By: Kathryne S. Hatch, Psy.D.
You walk into your house and see your husband has thrown his jacket on the table, his shoes in the corner, there’s dishes piled in the sink, laundry strewn across the couch, and he’s propped up in his chair watching t.v. “What is wrong with you John?? How many times do I have to ask you to clean up your stuff? How old are you! And you just expect me to clean up after you?!? What am I, your maid? You’re so lazy!” John shoots back at his wife with his typical response – “Jeez, leave me alone! I’m just watching tv. I was gonna do it later! Why are you always telling me what to do?? You’re so controlling!”
So often, the root of interpersonal problems comes from ineffective communication strategies. From my experience, people are prone to criticizing and judging others’ thoughts, feelings, and behaviors as negative. They are not able to accurately understand what another person is going through – instead of attempting to understand the other, they automatically resort to negative judgments, evaluations, anger, or blame. They speak from their emotional reactions. It’s so easy to analyze and judge another person during a conflict (i.e., “He’s doing this to me!”; “She’s so mean!”; “He’s manipulative!”)…
What if a person could improve communication regardless of what the other person was doing? It would not require any control or attempt to get the other person to do anything or necessitate motivation to improve communication. I believe it’s possible, but many people just don’t know how to do it!
What I firmly believe has the potential to solve so many conflicts is if people were conscious about the nature of what they were saying instead of automatically responding from an evaluative and judgmental place. I think that people can learn how to express themselves with honesty and clarity in a way that conveys what they are feeling, thinking, and experiencing while at the same time being empathic and respectful towards the other. This helps others to be less defensive and minimizes the chance they’ll shut down. It also makes them more willing to want to please!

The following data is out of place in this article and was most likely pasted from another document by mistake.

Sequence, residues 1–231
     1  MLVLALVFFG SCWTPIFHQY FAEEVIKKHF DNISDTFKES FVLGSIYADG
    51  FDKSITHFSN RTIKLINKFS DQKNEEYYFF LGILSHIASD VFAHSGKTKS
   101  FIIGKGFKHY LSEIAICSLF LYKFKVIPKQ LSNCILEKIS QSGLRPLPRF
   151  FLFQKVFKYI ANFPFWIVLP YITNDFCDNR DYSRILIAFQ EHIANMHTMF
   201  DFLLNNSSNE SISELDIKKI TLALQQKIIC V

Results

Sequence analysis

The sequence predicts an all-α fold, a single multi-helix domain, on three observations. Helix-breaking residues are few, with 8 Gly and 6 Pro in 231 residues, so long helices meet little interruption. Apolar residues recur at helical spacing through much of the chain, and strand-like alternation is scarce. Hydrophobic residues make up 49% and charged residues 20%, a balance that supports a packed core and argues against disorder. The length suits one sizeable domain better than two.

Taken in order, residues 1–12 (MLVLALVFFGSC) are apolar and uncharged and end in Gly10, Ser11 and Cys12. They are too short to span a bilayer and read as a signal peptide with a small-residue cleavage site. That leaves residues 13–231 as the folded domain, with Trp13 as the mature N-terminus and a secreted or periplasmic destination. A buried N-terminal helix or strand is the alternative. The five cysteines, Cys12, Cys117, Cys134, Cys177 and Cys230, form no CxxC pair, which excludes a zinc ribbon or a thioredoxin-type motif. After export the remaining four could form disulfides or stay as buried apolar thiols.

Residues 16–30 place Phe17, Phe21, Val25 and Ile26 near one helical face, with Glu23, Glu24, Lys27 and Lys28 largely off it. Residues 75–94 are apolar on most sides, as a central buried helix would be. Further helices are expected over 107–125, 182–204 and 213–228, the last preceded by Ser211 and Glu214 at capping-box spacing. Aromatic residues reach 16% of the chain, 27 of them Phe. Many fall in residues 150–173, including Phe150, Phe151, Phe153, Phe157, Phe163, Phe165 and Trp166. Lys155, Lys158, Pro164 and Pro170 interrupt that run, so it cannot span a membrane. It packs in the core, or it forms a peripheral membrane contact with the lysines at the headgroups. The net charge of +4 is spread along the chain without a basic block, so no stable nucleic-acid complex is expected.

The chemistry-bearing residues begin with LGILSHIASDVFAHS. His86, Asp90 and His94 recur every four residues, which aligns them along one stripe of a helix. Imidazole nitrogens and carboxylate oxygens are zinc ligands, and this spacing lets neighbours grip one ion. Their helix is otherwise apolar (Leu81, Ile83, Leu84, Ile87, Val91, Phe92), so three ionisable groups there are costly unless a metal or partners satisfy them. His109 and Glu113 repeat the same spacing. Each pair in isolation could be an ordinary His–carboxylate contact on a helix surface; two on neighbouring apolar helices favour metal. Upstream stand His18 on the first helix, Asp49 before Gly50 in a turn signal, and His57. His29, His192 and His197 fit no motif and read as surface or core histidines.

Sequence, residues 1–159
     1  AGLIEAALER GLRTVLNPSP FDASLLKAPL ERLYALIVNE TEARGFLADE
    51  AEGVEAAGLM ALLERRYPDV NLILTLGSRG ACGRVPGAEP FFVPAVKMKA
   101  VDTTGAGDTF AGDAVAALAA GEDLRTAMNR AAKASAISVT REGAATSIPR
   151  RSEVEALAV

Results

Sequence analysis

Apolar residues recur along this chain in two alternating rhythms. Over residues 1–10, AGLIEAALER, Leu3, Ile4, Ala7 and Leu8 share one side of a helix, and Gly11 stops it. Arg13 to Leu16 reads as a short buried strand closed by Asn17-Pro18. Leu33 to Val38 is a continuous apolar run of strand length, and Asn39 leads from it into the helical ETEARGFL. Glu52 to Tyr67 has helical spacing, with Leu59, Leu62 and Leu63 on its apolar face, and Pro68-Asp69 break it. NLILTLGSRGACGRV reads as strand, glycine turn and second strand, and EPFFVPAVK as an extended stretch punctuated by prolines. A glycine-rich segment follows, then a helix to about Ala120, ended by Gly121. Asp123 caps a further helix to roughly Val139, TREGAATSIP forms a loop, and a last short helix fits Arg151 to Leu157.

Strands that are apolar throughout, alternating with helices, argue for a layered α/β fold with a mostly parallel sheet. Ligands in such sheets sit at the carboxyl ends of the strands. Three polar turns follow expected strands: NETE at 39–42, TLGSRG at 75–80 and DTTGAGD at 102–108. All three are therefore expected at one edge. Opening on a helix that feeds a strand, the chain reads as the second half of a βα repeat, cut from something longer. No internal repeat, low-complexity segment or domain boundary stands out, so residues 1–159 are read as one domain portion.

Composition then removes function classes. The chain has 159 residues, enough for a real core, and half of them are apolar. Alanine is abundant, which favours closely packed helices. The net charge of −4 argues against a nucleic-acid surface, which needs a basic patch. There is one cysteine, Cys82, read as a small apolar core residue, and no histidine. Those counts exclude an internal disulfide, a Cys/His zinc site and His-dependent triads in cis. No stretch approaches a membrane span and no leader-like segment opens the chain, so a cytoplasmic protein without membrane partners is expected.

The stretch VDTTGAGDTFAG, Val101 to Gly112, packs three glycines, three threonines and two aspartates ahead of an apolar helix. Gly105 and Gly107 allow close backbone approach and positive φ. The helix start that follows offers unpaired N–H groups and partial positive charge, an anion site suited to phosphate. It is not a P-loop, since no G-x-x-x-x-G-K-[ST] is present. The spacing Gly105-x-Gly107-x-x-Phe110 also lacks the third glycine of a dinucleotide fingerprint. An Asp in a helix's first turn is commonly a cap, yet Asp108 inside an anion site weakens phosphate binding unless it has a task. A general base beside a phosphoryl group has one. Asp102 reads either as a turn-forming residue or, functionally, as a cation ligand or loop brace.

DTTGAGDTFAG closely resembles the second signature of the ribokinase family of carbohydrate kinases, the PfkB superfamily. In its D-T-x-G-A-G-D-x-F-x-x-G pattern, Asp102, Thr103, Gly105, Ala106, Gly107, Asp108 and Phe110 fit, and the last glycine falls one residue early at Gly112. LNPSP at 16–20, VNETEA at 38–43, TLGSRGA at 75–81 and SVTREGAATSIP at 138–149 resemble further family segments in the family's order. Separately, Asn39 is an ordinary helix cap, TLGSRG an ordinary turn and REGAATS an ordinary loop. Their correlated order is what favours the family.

Nevertheless, it is difficult to imagine thinking in a way that is not evaluative or judgmental. These are natural experiences we all have. I think one piece is learning to recognize that every person has their own unique perception and experience of things based on their individual life history and how they have developed their sense of self. Another component to keep in mind is that feelings are natural, and they are based largely on one’s individual needs. Feelings or emotions stem from what one is needing or not needing in the moment, so how can they be judged as right or wrong? Thinking about these things can help to have empathy and understanding of another’s experience, while at the same time accepting inside one’s self that it is natural to have judgments. It’s whether or not we speak from those judgments that determines the impact.